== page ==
Joshua, on the other hand, is compared to the moon, which has no light of its own and merely reflects the sun’s light. This represents a bottom-up approach to G‑dly service—the idea of transforming and elevating the physical world into a “moon,” a vessel for G‑dly light.

Learn more about Joshua

7. The Poor Are Compared to the Moon

The Zohar compares the poverty-stricken to the moon, which has no light of her own. Nevertheless, they say, just as the sun gives freely of her light to the moon and loses nothing in the process, so must we give of our wealth to those who have less. “Borrow on My account,” G‑d promises, “and I will pay you back.”8

Read: 15 Facts About Tzedakah Every Jew Should Know

8. Lunar Eclipses Are Bad Omens

The Talmud tells us that a lunar eclipse is considered a bad sign for the Jews, who calculate the months according to the lunar cycle. This must be considered, however, alongside the parallel teaching that “when Jews perform the will of G‑d, they need not worry about omens or celestial phenomena. For thus says the L‑rd, ‘Do not be frightened by the signs of the heavens.’”9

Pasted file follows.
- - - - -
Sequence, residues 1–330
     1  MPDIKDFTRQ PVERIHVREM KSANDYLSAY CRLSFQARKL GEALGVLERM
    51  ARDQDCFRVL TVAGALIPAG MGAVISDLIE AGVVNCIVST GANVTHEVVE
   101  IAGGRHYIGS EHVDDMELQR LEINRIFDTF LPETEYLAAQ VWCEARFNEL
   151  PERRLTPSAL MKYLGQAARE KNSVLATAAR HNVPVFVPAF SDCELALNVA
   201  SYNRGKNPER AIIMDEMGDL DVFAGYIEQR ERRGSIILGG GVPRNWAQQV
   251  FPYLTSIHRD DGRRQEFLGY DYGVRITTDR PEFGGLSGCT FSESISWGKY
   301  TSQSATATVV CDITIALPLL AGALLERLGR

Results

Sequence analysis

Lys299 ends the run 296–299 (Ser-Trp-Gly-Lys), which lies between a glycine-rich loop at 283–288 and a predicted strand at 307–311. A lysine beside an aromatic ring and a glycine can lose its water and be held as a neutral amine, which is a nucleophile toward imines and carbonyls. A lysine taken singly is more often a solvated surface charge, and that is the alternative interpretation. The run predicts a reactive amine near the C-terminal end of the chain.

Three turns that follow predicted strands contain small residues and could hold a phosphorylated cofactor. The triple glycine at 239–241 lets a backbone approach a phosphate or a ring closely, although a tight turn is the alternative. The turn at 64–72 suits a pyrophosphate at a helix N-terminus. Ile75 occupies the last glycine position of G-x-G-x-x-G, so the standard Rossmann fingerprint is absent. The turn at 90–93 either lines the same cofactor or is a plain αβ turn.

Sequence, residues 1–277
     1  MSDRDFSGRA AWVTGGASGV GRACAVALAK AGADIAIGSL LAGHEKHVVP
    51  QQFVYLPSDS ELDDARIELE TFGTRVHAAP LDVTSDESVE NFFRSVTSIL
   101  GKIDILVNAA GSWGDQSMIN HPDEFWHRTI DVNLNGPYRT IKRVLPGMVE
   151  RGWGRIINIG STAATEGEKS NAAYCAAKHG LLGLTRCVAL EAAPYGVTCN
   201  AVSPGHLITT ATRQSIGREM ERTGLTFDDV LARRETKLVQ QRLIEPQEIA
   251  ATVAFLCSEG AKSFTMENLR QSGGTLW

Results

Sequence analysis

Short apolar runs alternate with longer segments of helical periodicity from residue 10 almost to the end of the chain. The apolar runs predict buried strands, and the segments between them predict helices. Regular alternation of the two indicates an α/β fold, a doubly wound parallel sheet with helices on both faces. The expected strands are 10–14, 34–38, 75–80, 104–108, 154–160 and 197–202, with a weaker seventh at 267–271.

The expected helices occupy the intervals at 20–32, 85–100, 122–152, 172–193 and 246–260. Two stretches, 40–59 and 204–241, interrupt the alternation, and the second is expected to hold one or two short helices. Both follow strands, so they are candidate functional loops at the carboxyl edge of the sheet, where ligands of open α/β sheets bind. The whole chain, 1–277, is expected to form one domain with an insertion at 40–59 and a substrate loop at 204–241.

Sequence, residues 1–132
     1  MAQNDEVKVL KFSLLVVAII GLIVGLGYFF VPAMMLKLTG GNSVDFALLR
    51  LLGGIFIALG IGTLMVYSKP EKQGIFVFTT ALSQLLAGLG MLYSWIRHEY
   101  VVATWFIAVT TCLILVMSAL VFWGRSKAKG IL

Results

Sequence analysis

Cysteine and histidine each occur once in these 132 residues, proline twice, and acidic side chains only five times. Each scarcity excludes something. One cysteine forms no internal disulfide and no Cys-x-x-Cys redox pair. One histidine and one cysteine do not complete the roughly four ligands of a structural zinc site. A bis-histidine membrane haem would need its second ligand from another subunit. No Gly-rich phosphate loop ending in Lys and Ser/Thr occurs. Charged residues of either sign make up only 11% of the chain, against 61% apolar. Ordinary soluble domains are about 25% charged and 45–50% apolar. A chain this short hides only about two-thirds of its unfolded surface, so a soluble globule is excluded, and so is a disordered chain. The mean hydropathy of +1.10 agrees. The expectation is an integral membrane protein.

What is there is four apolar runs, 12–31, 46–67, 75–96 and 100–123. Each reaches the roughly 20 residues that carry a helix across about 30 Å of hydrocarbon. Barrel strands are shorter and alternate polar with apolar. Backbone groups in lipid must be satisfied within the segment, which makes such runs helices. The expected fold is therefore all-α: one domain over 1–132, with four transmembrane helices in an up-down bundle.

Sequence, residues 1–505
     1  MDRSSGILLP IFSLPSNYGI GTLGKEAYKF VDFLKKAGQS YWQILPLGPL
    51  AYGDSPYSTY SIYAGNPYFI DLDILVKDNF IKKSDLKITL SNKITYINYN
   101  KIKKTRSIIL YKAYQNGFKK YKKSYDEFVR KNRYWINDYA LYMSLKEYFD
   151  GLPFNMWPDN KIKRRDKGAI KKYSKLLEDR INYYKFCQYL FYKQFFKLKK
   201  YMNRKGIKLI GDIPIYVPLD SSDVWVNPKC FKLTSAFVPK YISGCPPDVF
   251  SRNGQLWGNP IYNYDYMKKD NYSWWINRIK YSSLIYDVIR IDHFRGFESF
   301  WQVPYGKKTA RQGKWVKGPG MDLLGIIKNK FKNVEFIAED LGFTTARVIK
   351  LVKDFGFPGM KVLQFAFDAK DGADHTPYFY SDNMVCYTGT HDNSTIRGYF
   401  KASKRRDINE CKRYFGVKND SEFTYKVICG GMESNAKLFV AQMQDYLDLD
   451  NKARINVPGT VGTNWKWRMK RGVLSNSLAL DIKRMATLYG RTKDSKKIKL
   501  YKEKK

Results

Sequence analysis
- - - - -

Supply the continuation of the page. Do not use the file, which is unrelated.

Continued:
Read: Blood Moons, Lunar Eclipses and the 15th of Av

9. Moonlight Is for Torah Study

The Talmud records the study habits of several rabbis. Some preferred to get a good night’s sleep to learn with gusto during the day, while others saw merit in utilizing the quiet nighttime hours for Torah study. Reish Lakish (a night owl) was wont to say: The moon was only created for study[ing by its light].10

Read: 5 Reasons to Spend a Semester in a Yeshivah

10. It’s the ‘White Collector’

There are two Hebrew words for “moon”: yare’ach, which is related to the Hebrew word for “month,” and levanah, which means “white.” In the mystical works, the levanah, a blank slate that receives its brilliance from elsewhere, is associated with Malchut (“royalty”), which has nothing of its own, but collects and redirects the radiance of the Divine facets that precede it.

Whiteness, the absence of color, implies something that has been washed and purified. In that sense, the Zohar explains, the moon is associated with the halachah, the product of extensive probing and distilling of traditions, before the final decision crystallizes.11